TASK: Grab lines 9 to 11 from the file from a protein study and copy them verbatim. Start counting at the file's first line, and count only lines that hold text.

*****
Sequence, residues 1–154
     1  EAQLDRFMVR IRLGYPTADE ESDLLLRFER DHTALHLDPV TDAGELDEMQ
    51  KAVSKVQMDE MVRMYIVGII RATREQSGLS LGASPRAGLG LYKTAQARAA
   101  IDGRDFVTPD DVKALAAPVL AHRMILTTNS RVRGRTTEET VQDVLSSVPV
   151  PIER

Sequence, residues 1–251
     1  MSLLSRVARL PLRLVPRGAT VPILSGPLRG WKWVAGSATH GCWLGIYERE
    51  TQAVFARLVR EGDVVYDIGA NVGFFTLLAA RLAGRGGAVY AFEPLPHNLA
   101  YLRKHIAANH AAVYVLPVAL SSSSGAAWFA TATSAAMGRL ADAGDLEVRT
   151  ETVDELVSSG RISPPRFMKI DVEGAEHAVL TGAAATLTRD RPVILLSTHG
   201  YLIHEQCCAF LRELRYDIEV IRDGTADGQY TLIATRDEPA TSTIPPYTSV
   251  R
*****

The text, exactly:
   101  YLRKHIAANH AAVYVLPVAL SSSSGAAWFA TATSAAMGRL ADAGDLEVRT
   151  ETVDELVSSG RISPPRFMKI DVEGAEHAVL TGAAATLTRD RPVILLSTHG
   201  YLIHEQCCAF LRELRYDIEV IRDGTADGQY TLIATRDEPA TSTIPPYTSV